When the bunker was set on fire, the heat was intense. Piles of tyres had been dumped inside and a truck rammed into the entrance tunnel, presumably to feed the inferno. When the firemen arrived, they quickly saw it was hopeless, and stood in the tunnel listening to explosions coming from deep below the earth; this was metal expanding in the heat and blowing chunks of concrete off the walls. The fire raged for five days and was so fierce the glass panels in the bunker’s offices and canteen melted, pouring down the walls, and then hardened on the floor in weird, gnarled shapes.
Nuclear bunkers shouldn’t destroy so easily, you might think, but none are indestructible. Even the mighty Cheyenne Mountain bunker in Colorado wouldn’t withstand a direct hit, and its rooms rest on massive coiled springs so the complex might absorb a nearby blast wave. But a direct hit? No way.
Barnton Quarry wasn’t even designed for nuclear attack. It was initially a surface building assembled for the RAF during the Second World War. Then, in 1952, three floors were built underneath and it became a Sector Operations Centre (SOC), co-ordinating information from local radar stations, but it quickly became redundant as the new jet age produced planes too fast for the old radar methods and there was no longer a need for large SOCs.
In the 1960s, Barnton Quarry got a new purpose. It became a Regional Seat of Government (RSG). Knowing London would be a prime target in a nuclear war, central government made plans to leave the city and disperse authority around the country – assuming they had more than four minutes’ warning, of course. But planners always helpfully allowed for weeks, if not months, of warning, estimating that an international conflict would gradually escalate to nuclear war. In this intervening phase, called the “precautionary stage”, Ministers plus specially chosen civil servants and figures from industry, science, the emergency services and the BBC, would disperse throughout Britain to these RSGs, making sure each region had a handy little kernel of government after the Bomb dropped.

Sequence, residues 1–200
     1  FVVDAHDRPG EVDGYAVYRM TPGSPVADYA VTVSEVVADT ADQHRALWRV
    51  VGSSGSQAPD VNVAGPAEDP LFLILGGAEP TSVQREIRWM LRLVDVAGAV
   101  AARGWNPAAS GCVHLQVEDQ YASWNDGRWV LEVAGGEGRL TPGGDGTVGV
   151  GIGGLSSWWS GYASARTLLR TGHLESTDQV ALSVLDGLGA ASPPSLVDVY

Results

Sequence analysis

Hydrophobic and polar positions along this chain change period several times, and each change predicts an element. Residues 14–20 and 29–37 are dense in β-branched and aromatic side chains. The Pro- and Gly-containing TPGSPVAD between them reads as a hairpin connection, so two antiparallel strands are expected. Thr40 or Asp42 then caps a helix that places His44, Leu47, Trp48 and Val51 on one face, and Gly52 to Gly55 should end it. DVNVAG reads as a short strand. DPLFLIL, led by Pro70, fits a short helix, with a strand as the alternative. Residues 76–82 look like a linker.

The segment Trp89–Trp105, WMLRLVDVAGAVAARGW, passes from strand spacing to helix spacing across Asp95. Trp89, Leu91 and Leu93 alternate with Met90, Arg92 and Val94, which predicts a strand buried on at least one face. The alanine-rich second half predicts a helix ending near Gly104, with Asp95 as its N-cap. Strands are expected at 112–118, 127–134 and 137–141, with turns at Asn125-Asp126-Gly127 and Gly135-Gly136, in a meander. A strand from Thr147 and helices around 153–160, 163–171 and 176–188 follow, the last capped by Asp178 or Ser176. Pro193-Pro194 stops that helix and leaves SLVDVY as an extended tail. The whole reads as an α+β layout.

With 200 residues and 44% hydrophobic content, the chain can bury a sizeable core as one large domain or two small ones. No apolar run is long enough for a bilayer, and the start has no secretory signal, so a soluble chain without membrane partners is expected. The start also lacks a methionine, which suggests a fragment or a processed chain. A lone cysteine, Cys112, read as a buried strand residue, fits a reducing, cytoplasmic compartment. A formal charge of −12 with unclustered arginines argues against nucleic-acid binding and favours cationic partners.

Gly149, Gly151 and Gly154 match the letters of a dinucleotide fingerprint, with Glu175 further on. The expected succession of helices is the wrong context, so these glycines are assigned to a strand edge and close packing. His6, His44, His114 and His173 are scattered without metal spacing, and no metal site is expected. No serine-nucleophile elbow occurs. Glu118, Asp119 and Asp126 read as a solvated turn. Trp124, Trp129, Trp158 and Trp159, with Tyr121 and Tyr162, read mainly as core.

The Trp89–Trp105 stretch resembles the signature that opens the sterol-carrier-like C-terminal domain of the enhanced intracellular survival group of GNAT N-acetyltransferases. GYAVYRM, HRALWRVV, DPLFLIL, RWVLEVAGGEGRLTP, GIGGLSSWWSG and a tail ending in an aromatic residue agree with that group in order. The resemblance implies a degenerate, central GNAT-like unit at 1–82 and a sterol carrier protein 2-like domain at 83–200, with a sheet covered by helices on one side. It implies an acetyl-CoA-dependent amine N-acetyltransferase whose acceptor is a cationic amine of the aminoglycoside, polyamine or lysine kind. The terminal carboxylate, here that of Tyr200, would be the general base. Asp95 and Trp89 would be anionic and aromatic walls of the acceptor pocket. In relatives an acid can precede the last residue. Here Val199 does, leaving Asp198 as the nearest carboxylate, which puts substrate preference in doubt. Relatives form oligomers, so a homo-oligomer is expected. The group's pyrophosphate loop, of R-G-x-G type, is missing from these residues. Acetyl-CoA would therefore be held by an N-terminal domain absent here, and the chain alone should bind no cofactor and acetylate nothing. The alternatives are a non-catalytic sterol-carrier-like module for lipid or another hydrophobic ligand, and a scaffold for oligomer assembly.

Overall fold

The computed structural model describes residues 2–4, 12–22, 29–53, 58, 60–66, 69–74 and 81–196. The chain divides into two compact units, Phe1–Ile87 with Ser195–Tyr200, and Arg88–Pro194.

The existence of Britain’s RSGs were top secret until 1963 when a group of activists broke into the RSG in Reading. Calling themselves Spies For Peace, they printed a dossier explaining what these bunkers were for, and listed the address of each one.
The existence of Britain’s RSGs were top secret until 1963 when a group of activists broke into the RSG in Reading. Calling themselves Spies For Peace, they printed a dossier explaining what these bunkers were for, and listed the address of each one. They sent it to newspapers, peace groups and politicians and it caused an uproar with the public asking why the government was building bunkers for itself but not the population, and whether the existence of these bunkers meant nuclear war was regarded as inevitable? This led to protests at Barnton Quarry, although the bunker was probably empty at the time apart from a bewildered janitor as it was only to be staffed in a period of international crisis.